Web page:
Pete "The Punisher" Wells files a surprise "Critic's Notebook" piece today on the new menu at Eleven Madison Park. Although he finds that many of the new dishes are "extraordinarily pleasurable," he just can't get on board with the history of New York narrative that runs throughout the meal.
When each dish is presented, the server says a few lines about the cultural history of New York. For example, when a bag of potato chips is served with the first course, the server notes "the potato chip was invented in upstate New York in the 1800s." Wells's take:
Stilted and earnest, these little homilies recur throughout meal. While people come to Eleven Madison from all over the world, those who live in the city may have to fight back the impatience and urge to interrupt that come with the keys to every New Yorker's first apartment. The narrative tone isn't sharp, it isn't quick, it isn't wised up, and it assumes the listener knows nothing: in other words, it's not a New York voice. By the end of the four hours, I felt as if I'd gone to a Seder hosted by Presbyterians.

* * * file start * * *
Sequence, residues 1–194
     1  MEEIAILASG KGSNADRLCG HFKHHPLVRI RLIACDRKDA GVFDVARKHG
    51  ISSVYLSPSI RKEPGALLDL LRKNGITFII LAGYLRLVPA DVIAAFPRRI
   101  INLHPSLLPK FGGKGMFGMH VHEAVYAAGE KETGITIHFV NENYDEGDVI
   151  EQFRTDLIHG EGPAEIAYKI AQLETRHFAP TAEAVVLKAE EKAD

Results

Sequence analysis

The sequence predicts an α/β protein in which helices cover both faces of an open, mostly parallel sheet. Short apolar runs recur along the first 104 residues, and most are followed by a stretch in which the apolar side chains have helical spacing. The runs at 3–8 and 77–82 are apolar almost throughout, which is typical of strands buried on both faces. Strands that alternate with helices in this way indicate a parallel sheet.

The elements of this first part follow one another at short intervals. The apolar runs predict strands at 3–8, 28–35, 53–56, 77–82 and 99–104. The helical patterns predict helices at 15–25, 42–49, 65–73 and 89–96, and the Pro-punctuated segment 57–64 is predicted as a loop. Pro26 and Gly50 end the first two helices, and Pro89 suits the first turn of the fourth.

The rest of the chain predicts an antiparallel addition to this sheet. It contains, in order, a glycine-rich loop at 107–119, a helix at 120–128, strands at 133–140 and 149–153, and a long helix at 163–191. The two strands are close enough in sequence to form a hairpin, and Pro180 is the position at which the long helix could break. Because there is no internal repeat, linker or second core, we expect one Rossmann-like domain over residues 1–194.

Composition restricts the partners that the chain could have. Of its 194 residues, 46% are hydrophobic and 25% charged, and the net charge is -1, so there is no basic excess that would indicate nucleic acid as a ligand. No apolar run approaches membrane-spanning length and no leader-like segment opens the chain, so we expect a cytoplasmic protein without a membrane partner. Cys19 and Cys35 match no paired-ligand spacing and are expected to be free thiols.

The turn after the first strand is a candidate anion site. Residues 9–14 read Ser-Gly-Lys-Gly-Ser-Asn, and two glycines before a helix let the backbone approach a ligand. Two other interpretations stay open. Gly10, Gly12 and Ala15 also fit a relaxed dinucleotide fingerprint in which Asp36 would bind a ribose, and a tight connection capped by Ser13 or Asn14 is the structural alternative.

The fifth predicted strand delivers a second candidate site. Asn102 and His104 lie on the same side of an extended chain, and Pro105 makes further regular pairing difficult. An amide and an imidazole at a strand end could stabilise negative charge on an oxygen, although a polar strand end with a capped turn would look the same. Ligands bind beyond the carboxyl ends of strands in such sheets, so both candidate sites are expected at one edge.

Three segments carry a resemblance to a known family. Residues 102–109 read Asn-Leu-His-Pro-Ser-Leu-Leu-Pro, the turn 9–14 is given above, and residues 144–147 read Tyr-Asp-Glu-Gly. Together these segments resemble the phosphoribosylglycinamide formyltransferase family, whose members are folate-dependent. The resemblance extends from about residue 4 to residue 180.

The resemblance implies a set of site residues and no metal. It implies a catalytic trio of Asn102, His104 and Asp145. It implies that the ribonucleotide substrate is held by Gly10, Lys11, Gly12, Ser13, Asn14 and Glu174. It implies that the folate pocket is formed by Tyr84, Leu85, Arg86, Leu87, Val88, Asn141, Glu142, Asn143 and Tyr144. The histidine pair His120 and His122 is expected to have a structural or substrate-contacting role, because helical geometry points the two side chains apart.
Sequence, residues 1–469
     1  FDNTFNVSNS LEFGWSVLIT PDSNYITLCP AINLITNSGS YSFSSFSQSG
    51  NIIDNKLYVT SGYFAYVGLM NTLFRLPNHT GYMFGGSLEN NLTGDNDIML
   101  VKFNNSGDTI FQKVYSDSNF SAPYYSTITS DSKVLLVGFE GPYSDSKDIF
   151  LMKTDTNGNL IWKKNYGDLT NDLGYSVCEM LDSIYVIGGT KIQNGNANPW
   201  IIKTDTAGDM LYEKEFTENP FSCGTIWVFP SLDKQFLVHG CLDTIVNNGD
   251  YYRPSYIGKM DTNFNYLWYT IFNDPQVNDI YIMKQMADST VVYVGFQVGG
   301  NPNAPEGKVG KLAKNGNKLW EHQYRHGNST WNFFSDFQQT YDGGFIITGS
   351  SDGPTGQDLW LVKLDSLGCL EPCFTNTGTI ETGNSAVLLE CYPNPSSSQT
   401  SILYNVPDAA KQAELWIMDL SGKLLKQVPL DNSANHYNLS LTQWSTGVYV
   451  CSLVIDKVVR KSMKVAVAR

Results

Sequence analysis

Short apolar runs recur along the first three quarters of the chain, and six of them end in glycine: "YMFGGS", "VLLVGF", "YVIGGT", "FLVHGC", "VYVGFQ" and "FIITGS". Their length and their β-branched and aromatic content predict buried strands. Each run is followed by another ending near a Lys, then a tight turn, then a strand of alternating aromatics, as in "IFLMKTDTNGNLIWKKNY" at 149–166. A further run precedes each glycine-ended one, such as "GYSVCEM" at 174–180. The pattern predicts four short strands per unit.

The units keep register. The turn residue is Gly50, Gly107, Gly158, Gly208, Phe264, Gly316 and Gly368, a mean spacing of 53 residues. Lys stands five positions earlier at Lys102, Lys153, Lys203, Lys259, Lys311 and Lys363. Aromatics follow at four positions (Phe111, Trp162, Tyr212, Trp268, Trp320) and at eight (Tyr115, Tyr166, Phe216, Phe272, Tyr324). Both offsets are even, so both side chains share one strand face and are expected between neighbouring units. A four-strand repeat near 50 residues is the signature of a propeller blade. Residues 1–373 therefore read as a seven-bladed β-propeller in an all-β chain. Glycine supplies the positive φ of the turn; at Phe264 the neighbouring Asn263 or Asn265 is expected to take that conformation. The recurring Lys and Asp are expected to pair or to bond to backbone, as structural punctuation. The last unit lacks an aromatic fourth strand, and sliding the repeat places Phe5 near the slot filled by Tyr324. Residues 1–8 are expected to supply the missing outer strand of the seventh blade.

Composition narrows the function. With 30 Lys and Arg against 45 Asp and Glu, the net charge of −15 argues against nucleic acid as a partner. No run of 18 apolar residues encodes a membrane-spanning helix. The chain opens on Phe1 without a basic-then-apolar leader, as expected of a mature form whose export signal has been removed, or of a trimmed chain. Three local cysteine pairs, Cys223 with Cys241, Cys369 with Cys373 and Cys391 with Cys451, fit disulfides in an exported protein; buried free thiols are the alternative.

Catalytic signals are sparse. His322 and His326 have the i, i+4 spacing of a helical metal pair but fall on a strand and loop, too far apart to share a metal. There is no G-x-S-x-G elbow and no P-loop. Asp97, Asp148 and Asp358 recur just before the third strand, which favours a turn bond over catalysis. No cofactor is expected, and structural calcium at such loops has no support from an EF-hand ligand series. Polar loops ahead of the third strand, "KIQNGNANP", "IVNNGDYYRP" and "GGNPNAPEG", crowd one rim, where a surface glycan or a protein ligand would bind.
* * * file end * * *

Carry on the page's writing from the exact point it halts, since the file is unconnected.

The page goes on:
Pete is also confused by the way that the "grid menu" is incorporated into the new service, noting: "I had the sense that I was eating two smaller (but still quite substantial) meals that had been welded together to make one supercolossal hybrid." It will be interesting to see if the style of service at EMP changes at all after this early take on the new menu.
· Talking All Around the Food At the Reinvented Eleven Madison Park, the Words Fail the Dishes [NYT]
· All Coverage of Eleven Madison Park [~ENY~]